Sony VPL-VW520ES review

Stunning images...unprecedented's one hell of a beamer

Sony VPL-VW520ES
The future of projection starts here

TechRadar Verdict

Not content with being the only projector manufacturer to do true 4K resolution, Sony has also become the first home cinema projector maker to support high dynamic range playback. If you want the full 4K HDR home cinema experience, and can stomach the nigh-on £9K price tag, then this is the pinnacle of home beamer brilliance.


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    Spectacular picture quality

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    Uniquely future proofed

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    Quiet 'Eco' lamp setting

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    Effective picture presets


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    HDR success only partial

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    No 3D glasses included

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    Expensive versus its predecessor

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    Occasional convergence issues

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While 2016 is set to finally usher in some long-awaited competition from new 4K DLP projectors, right now Sony is the only brand offering true 4K UHD projection for the home.

The latest of these Sony 4K models is the £8,800 VW520ES - but in this case the native 4K resolution is far from its only claim to picture quality fame. It also happens to be the first projector for the home capable of supporting the new high dynamic range (HDR) picture technology set to take the high-end AV world by storm in 2016.

In case you're not familiar with HDR, it's a picture technology that lets you enjoy a much wider brightness range than you get with the standard dynamic range home entertainment products we've been working with previously.

This makes images look more detailed in dark areas, more contrasty, and more punchy - especially as wider colour gamuts are also built in with the latest HDR specifications.

Design and connectivity

While the home for all this cutting-edge Sony tech isn't catwalk pretty, its vaguely elliptical sculpting, matt black (white is also available) finish and large, gold-accented lens surround give it an authoritative yet still attractive overall presence.

Not that you'll be looking at it much, of course; your eyes will be locked on the pictures it's producing on the other side of the room.

Sony VPL-VW520ES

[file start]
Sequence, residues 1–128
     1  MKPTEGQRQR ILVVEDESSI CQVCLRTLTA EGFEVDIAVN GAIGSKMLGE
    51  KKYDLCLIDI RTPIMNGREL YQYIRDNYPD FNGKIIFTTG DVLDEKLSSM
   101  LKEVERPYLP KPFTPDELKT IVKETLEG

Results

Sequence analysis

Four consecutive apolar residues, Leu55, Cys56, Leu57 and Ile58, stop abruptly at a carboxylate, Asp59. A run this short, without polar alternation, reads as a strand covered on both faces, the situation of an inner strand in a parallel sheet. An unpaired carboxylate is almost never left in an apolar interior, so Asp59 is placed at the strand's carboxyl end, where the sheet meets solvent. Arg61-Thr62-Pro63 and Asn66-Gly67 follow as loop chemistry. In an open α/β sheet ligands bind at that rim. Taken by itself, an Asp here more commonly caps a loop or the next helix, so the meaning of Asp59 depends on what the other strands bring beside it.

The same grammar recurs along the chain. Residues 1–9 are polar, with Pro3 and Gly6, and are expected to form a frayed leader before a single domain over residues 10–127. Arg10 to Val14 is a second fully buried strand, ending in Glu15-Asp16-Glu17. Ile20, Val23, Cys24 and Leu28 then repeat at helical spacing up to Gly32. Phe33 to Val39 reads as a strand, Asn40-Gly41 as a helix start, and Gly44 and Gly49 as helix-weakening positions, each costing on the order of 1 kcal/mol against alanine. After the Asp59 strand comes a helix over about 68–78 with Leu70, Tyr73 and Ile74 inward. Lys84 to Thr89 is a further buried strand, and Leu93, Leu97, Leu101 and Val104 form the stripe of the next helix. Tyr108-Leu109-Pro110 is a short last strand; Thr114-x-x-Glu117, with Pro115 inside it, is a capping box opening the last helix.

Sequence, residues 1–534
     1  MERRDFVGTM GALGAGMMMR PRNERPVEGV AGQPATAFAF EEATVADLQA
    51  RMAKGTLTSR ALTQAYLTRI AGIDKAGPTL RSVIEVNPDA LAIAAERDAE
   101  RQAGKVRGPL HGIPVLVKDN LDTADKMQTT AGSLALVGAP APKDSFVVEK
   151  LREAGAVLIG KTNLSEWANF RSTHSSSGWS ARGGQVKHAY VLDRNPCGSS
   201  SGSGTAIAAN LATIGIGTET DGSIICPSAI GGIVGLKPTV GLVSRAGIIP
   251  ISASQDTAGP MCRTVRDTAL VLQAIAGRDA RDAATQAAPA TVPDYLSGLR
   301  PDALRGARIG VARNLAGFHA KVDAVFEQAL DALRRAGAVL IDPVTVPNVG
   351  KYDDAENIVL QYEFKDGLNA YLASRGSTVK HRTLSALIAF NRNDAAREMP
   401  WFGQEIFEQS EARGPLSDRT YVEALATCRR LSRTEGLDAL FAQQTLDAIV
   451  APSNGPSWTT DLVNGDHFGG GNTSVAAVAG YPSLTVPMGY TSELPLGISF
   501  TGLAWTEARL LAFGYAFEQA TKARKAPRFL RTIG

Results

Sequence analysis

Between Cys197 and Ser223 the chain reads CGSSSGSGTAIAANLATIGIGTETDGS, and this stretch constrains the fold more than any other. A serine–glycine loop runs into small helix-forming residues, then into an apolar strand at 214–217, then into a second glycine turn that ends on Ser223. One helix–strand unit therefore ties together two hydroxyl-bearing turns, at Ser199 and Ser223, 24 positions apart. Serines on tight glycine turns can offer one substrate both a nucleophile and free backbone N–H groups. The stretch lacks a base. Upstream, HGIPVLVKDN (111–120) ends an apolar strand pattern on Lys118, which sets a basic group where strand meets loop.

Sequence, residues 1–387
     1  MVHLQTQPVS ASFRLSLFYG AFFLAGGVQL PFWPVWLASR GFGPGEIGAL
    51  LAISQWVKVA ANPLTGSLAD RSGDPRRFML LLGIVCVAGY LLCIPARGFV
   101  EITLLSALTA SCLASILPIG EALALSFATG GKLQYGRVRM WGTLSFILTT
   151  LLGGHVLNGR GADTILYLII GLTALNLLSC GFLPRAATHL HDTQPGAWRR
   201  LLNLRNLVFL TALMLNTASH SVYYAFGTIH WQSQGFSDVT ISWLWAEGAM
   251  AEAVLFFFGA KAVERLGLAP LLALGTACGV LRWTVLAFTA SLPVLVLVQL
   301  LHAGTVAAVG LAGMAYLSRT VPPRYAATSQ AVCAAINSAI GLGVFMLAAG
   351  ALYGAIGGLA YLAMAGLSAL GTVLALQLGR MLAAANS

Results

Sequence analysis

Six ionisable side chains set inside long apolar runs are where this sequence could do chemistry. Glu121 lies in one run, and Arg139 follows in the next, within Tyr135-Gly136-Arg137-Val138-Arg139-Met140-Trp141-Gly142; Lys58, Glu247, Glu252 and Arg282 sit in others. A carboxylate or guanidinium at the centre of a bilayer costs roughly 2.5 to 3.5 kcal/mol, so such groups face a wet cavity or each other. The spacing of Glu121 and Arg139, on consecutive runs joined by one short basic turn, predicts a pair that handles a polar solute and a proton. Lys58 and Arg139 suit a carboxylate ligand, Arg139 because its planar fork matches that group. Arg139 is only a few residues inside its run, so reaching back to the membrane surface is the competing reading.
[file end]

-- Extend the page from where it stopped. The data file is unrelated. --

Connectivity is broadly in line with expectations, and includes two HDMIs, two 12V trigger outputs, an RS232 port to support integration into a home control system, and a LAN port to support network service updates.

The HDMIs are capable of playing 4K at 50/60 frames a second and supporting HDR - though there is a limitation. For while they support 10-bit colour performance with 24 frames a second 4K source material, this drops to 8-bit if you feed in 50/60Hz 4K source material.

One other little quirk of the VW520ES's specification is that its native resolution is actually 4096 x 2160 rather than the usual 3840 x 2160 found with 4K TVs. True cinema 4K, in the DCI standard, in other words!

This won't have any practical effect on your viewing, though, other than you seeing small bars above and below native 16:9 content.

Having mentioned aspect ratios, the VW520ES carries a lens memory feature so that it can adapt to different aspect ratios without the need for an external anamorphic lens system.

Other key specifications include a claimed contrast ratio - delivered via a dynamic iris/lamp system rather than natively - of 300,000:1, while brightness sneaks up 100 lumens versus the VW500ES to 1800 Lumens.

Sony won't be drawn on how much of the HDR-related Digital Cinema Initiative (DCI) P3 colour spectrum the VW520ES covers, but the 10-bit colour support with 24p content should aid its HDR claims - so long as 1800 Lumens proves enough to unlock HDR's potential.

One last feature of the VW520ES to mention is that it supports 3D playback - though disappointingly for such an expensive projector, you don't get any free 3D glasses.

John Archer
AV Technology Contributor

John has been writing about home entertainment technology for more than two decades - an especially impressive feat considering he still claims to only be 35 years old (yeah, right). In that time he’s reviewed hundreds if not thousands of TVs, projectors and speakers, and spent frankly far too long sitting by himself in a dark room.